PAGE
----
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JOHN LORD DE JOINVILLE Memoirs of Louis IX, King of France

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JOHN LORD DE JOINVILLE
Memoirs of Louis IX, King of France
page 34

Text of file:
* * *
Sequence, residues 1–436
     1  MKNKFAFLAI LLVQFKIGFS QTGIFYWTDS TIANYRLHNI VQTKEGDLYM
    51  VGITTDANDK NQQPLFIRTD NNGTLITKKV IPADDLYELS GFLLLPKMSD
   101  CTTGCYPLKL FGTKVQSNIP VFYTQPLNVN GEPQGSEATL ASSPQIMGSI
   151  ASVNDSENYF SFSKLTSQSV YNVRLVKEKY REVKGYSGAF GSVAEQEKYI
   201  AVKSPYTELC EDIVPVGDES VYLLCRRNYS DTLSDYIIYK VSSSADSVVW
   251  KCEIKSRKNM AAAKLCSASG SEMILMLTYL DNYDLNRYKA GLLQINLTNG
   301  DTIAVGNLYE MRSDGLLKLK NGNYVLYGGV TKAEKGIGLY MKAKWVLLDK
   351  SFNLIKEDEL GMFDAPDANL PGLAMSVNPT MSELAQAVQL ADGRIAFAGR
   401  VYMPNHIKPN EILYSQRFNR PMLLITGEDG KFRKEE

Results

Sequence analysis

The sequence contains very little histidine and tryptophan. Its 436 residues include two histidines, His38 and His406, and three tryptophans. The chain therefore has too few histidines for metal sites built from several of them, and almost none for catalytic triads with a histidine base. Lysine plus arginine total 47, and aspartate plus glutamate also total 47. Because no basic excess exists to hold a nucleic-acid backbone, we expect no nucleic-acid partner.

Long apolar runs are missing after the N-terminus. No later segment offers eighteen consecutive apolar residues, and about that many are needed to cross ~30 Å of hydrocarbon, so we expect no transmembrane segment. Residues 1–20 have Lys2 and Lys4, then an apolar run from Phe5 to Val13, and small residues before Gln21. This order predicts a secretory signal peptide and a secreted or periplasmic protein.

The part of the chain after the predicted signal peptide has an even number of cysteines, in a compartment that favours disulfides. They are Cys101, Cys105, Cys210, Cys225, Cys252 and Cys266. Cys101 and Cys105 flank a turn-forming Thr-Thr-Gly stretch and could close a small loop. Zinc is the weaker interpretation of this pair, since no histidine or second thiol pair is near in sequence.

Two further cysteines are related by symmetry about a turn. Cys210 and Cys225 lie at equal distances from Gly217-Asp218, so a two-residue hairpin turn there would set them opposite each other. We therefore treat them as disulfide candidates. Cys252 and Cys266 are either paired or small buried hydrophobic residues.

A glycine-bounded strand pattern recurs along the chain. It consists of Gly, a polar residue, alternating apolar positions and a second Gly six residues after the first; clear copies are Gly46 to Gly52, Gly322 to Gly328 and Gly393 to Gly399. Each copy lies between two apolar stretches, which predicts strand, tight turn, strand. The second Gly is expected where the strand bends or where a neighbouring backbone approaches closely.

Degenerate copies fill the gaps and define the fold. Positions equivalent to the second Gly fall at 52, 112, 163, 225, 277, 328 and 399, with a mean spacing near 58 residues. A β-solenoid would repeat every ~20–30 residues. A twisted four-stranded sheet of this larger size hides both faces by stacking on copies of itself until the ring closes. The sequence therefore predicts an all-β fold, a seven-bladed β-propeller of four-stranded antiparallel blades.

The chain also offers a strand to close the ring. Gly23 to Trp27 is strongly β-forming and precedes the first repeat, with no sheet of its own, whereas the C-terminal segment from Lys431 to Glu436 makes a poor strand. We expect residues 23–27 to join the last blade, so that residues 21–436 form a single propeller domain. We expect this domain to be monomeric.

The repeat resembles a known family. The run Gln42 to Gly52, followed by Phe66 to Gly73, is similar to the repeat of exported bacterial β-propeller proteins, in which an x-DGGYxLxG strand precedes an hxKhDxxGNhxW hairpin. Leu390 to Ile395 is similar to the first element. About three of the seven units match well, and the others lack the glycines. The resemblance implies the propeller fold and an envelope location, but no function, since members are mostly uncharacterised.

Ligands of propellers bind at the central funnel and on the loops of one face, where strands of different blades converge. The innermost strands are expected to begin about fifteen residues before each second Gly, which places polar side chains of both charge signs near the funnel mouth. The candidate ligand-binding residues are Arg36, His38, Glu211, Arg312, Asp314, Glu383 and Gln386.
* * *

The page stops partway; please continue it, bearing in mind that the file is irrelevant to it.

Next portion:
376 JODÎVILLB'S MEMOIRS OF SAINT LOUIS IX. [FT. IL that shortly after this King Louis held a great and open court at Saumur in Anjou, which I shall speak of, having been present I can assure you that it was the grandest sight I ever witnessed, the best ornamented and prepared. A t the king's table were seated the count de Poitiers,* whom he had knighted on the last St. John's day; the connt John de Dreux,t whom he had lately knighted ; the count de la Marche, J and the count Peter of Brittany. At another table, before that of the king on the side where count de Dreux was seated, the king of Navarre dined. He was most richly dressed in cloth of gold, in coat, mantle, girdle, clasp,§ and cap of fine gold, to whom I was the carver. The count d'Artois|| served the king, St. Louis, and his bro ther, and the count de Soissons cut up the meat Sir Ymbert de Beljeu, who was afterwards constable of France, Sir Honourat de Coucy, and Sir Archibald de Bourbon were the guards of the king's table ; and there were behind these barons, full thirty of their knights in cloth of silk, to serve under them. There were likewise behind these knights a great many ushers of arms, and of the apartments, who bore the arms of the count de Poitiers, worked on fendal. The king was dressed as magnificently as it was possible, * Alphonso, brother to St. Louis, who had been created a knight by the king on the feast of the Nativity of St. John the Baptist, in the year 1241, at which time he likewise gave him the county of Poitou.—See Bf. Paris, p. 313. t Son of Robert III., count de Dreux, by d'Aènor de St. Valéry, the first who bore the name of John. He died at Cyprus. t Hugh X. , surnamed le Brun, count de la Marche and d'Angoulème. § Clasp or fermati waa a sort of medal or ornament, like the diamond ornaments now in fashion, which was fastened not only to the shoulder where the folds of the mantle met, in like manner to the latus clama of the Romans ; but also to the front of the cap, as diamonds are now worn. In war it was fastened to the hood, on the coat of arms, or in some other conspicuous place. Women wore them on their breast. Froissait, in the 154th chapter of the 2nd volume, says, " he received, as the prize, a clasp of precious stones, which the duchess of Burgundy detached from her breast." It is for this reason, that the Latin and French MS. Glossary translates the word monile clasp or fermail. Elsewhere redimiculum a female ornament, as a clasp, chaplet, or girdle. Johannes de Janna calls it " Fibularium." But I suspect be intended to have called it flbulatorium, which the Greek and Latin Glossary defines to be the diminutive of flàuto. U Robert, brother to the king.


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